Ancient Technology

Ancient Technologies in Contexts of the Sustainable Development Goals

Kirsten Dzwiza (DE)
#EAC12 World Tour 2021
***The demand for innovative solutions to pressing ecological and societal challenges is on a constant rise. Ancient technologies provide extensive yet underutilized opportunities to help solve such problems. This paper presents three of these technologies and their successful application in modern contexts based on five illustrating case studies...

Ancient Greek Weaving, Experimental Archeology on Greek Textiles and Household GDP

Richard J. Palmer (US)
#EAC12 World Tour 2021
***This paper outlines the experimental weaving project of an ancient Greek chlamys to investigate the weaving production capacity of a typical household and reconstruct women’s contribution to household GDP in ancient Greece. While some scholars have researched finer textiles and tech-niques based on visual evidence...

Birch Bark Glue and its Potential Use in Neanderthal Clothing: A Pilot Study

P.H. Baker,
C.B. Scott,
P. Gethin and
A. Sinclair (UK)
Evidence that Neanderthals had mastered the production of birch bark tar as an adhesive has generated important and timely debate concerning behavioural complexity. Increased resolution of the data on palaeo-climatic conditions has also brought into sharp focus the need for hominins living in high latitudes to possess complex cultural mechanisms to deal with cold environments...

Roman Bone Artefacts – First Steps Towards a New Approach

Hildegard Müller,
Sabine Deschler-Erb and
Dorota Wojtczak (CH)
To date, archaeologists often use a typological approach to assess the functions of bone artefacts from the Roman period. In some of these assigned typological groups, certain artefacts do not have a clear definition. This study aimed to assess whether use-wear analysis combined with experimental archaeology could be applied to bone artefacts from the Roman period as ...

Before They Dyed. Mordants and Assists in the Textile Dyeing Process in Anglo-Saxon and Anglo-Scandinavian Britain: An Experimental Approach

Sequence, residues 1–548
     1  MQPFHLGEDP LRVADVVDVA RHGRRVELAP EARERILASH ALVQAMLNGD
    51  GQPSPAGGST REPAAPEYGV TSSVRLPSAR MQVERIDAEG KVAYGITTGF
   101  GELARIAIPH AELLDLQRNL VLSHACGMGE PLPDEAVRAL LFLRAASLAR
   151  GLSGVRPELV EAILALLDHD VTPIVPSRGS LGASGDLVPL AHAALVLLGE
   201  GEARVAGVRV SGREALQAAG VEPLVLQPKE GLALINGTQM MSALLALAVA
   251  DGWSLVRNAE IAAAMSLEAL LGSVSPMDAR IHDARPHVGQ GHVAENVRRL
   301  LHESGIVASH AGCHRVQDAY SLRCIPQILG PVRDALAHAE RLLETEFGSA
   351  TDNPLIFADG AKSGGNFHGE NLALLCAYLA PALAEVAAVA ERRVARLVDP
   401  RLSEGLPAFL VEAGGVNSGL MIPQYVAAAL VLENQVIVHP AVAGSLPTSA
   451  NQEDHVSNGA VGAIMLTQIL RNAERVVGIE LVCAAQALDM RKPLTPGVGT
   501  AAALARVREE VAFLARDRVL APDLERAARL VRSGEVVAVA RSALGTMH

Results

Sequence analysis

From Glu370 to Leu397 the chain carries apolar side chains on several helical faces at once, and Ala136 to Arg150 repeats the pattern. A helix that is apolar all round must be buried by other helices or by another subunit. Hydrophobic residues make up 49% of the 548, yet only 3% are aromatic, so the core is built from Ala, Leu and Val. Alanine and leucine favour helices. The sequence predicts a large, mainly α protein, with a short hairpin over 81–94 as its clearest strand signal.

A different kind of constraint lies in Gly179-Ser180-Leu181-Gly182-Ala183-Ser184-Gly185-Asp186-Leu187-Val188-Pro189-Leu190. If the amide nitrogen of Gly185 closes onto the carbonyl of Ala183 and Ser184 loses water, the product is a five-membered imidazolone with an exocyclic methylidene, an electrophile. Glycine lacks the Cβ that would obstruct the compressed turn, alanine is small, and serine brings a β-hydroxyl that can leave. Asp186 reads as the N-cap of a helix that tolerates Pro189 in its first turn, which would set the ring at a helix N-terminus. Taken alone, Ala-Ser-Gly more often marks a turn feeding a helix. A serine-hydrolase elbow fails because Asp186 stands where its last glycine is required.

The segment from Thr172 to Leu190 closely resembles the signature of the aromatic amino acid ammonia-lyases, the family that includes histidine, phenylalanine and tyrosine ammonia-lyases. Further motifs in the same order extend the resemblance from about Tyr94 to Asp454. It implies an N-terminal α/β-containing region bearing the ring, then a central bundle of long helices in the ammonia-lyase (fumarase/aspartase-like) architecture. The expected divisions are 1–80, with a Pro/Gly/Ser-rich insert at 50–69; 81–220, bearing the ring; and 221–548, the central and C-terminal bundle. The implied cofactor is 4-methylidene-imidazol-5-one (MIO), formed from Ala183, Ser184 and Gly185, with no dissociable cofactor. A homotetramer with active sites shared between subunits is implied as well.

Katarzyna Stasińska (UK)
The experiment aimed to investigate certain aspects of the textile dyeing process in Anglo-Scandinavian and Anglo-Saxon Britain: substances known as mordants and assists. This aspect of the dyeing process is often omitted by researchers, who mostly focus on dyestuff as a source of colour. Mordants and assists deserve wider research, however, as they play a great part in the dyeing process...

Shedding New Light on the Pure Copper Metallurgy of the Chalcolithic Southern Levant Through an Archaeological Experiment

Thomas Rose (IT/IL),
Peter Fabian and
Yuval Goren (IL)
Two metallurgical traditions coexisted in the Chalcolithic Southern Levant: the lost wax casting of polymetallic alloys and the pure copper technology. Details of their operational sequences are still unknown. To date, no production sites of lost wax casting technology have been found. Only the main steps of the pure copper technology can be reconstructed from the archaeological record...

Assessing Forming Techniques of Athenian Ceramic Alabastra

Isabelle Algrain (BE)
Athenian black-figure and red-figure vases have not been the subject of many studies specifically devoted to vase-forming techniques, since researchers have primarily focused on their decoration. The study of the Attic alabastron, a perfume vase shape produced in Athens between the middle of the sixth century and the beginning of the fourth century BC, shows that different techniques were occasionally used by potters...

Some Reflections on the Origin and Use of the Potter's Wheel during the Iron Age in the Iberian Peninsula. Interpretive Possibilities and Limitations

Juan Jesús Padilla Fernández (ES)
An abundance of past research has addressed Iron Age pottery in the Iberian Peninsula since the beginning of archaeological analysis in Spain. However, it has mainly focused on examining historical-cultural aspects linked to specific chronologies and typologies. It is only rarely that studies have been concerned with production processes. Ethnography has traditionally been used to make direct ...

Bast, Ferns, and Mud: Experimental Recreation of a Kapa Kaha (Barkcloth)

Avalon Paradea (US)
#EAC12 World Tour 2021
***Kapa (Hawaiian barkcloth) was the ubiquitous fabric of historic Hawaiʻi, used for everything from clothing to bedding, from swaddling newborns to enshrouding the deceased, and all things in between. This textile is crafted from the bast (inner bark) of several plant species...

Identifying Ceramic Shaping Techniques: Experimental Results Using the Inclusion and Void Orientation Method

Jon Ross and
Kent Fowler (CA)
This contribution presents the results of experiments using a simple but effective inclusion and void orientation method for identifying shaping techniques on cut and scanned vessels and sherds. Not only does it provide an additional line of complementary evidence for differentiating ceramic chaînes opératoires, but we argue that it offers observations not accessible by other imaging methods and scales of analysis...